- American violinist Sarah Chang flew to Buenos Aires to immerse herself in tango
- Chang collaborated with local ensemble to create fusion of musical styles
- She says that the process has given her new sense of intimacy with audience
Since her debut with the New York Philharmonic at the age of eight, Sarah Chang has grown through the weight of expectation to become one of the world's great violinists.
Now aged 31, Chang was born in Philadelphia to a composer and music teacher of Korean descent. She first dabbled with the piano at the age of three, before opting for the violin a year later. By five she had been accepted into New York's prestigious Juilliard School for Performing Arts.
By her own acknowledgment, the world of grand orchestras and opera houses that she has so long inhabited can be "very formal" and "exclusive." This perhaps goes some way to explain her choice of destination for her "Fusion Journey" challenge: Buenos Aires.
Here, in the hot-blooded Argentinean capital, she would meet with local band "Orquesta Tipica Andariega," to learn first-hand the sensual and mysterious art of tango.
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During her visit, Chang was challenged to produce a fusion of sound that blended the traditions of Western classical music with tango's emotionally raw and folksy heritage. She says that the process has given her performance a new-found sense of intimacy that she's carried ever since.
In her own words, Chang tells the story of her Fusion Journey.
Sarah Chang: I've been trained as a classical violinist my entire life. It's all about structure, all about technique. It's very much a polished profession. But tango music, although it has some classical elements, is very sexy and rough and, in a way, from the earth.
When you walk along the streets of Buenos Aires, fun is in the air. You see children with barely anything on their feet playing soccer, and there is music on every corner. They are playing all sorts of Latin sounds; they're all dancing and drinking; they're enjoying life; they are loving life.
One of the cornerstones of tango is definitely the dancing, so I first met up with dance instructor Nora Schvartz.
Now, I'm not really a dancer. I'm a very physical performer when I'm on stage, but of course tango is a completely different thing to thrusting around when you're performing as a violinist.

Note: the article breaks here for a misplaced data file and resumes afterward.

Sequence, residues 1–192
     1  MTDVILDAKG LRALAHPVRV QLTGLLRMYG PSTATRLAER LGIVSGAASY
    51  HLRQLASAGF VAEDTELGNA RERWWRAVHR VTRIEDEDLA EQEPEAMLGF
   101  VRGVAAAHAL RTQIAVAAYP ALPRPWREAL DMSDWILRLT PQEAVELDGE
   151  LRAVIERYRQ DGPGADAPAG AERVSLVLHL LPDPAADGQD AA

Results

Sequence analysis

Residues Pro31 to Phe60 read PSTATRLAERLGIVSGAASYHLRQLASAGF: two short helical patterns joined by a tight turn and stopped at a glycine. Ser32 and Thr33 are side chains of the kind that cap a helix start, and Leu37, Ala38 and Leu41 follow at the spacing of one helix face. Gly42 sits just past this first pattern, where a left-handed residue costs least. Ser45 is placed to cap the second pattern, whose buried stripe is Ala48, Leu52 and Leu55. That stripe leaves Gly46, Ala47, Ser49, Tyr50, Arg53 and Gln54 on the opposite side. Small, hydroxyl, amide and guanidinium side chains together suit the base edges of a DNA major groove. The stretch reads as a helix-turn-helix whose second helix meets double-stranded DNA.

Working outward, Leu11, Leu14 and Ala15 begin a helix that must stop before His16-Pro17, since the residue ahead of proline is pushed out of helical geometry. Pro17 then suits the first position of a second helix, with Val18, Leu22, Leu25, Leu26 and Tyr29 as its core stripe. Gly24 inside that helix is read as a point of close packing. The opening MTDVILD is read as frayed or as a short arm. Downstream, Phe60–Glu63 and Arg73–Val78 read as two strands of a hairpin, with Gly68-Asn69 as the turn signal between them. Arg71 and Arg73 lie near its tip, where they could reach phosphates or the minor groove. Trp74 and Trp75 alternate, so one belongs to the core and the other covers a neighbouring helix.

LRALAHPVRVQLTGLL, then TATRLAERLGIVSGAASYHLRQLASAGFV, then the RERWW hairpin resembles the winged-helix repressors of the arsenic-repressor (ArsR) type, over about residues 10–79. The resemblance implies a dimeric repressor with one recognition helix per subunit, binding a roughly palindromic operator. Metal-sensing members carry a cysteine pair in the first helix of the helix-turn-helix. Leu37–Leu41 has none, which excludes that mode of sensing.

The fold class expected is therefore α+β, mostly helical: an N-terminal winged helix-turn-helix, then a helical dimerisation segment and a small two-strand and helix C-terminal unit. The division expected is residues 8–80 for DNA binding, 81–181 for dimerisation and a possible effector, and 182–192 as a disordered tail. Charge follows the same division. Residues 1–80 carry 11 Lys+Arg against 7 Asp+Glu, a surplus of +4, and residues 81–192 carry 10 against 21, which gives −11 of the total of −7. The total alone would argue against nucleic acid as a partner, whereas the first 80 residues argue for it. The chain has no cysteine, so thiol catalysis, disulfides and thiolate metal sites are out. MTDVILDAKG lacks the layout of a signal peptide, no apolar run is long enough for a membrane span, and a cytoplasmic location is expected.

I learned that the best tango dancers move not just with their legs and arms, but from their guts. That's the sign of a true art form, and it's the source of so much beauty, so much soul and passion.
Even though I absolutely cannot dance -- just watch the footage! -- I always thought that to experience the whole picture, you really have to open up your vulnerabilities, and sort of take that risk.
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Tango is -- in a sense -- imperfect ... albeit beautifully imperfect. It's not about being always metronomically on time, it's about spontaneity and freedom.
I've worked, of course, with a piano and an orchestra before -- but never with a band. All of a sudden I find myself rehearsing with the "Orquesta Tipica Andariega," an extremely talented local tango group. So there I was, playing songs I'd never played before, alongside instruments I'd never heard before, with a group I'd never met before -- it was thrilling!
The piece we chose for our fusion was by Carlos Gardel -- the biggest name in the history of tango. The tune itself is very famous -- it's used in all these movies, you name it, any famous tango scene. But as far as I know, there is no version for a band with a solo violinist, so I asked a composer friend of mine to make an arrangement for us.
I was really thrilled with the result. We performed it in this intimate little club and it felt so immediate. Everyone was there, drinking wine, dancing, looking so happy. There were no rigid rules, none of this "clap here, oh you have to be quiet here." Instead, the audience were whistling and yelling and clapping along -- it felt like they were right up there with us.
Literally, if I just stretched my arm, I could touch them, they were so close. That sort of intimacy, that sort of physical closeness, the fact that they were dancing when we were playing, I just thought was so beautiful.
"Fusions" can often turn out badly -- I can think of some fusion cuisine that I wish I could forget! But when each side brings just the right balance of their experience, their culture and personality, then I think it can be magical -- and the only way you know it has worked is when everyone has a smile on their face.
Classical music is one of the world's longest-standing traditional forms of music-making out there -- and I don't think it will, or should, change over night. There is a sort of purity in what classical musicians do that I cherish very much and want to preserve.
But the big thing that I really took from this experience is that sense of connecting with the audience. Quite often, in grand concert halls where everyone is wearing elegant ball gowns and black tails -- that kind of old-Hollywood glamor -- it can feel like there is a big distance between the audience and the performers, a sense of "look, but don't touch."
But with Argentinean tango, it's the opposite. They are saying "please touch, please come into and share my world." Now, every concert that I do, I try to utilize that, I try to connect with every single last person in the balcony on an emotional and personal level.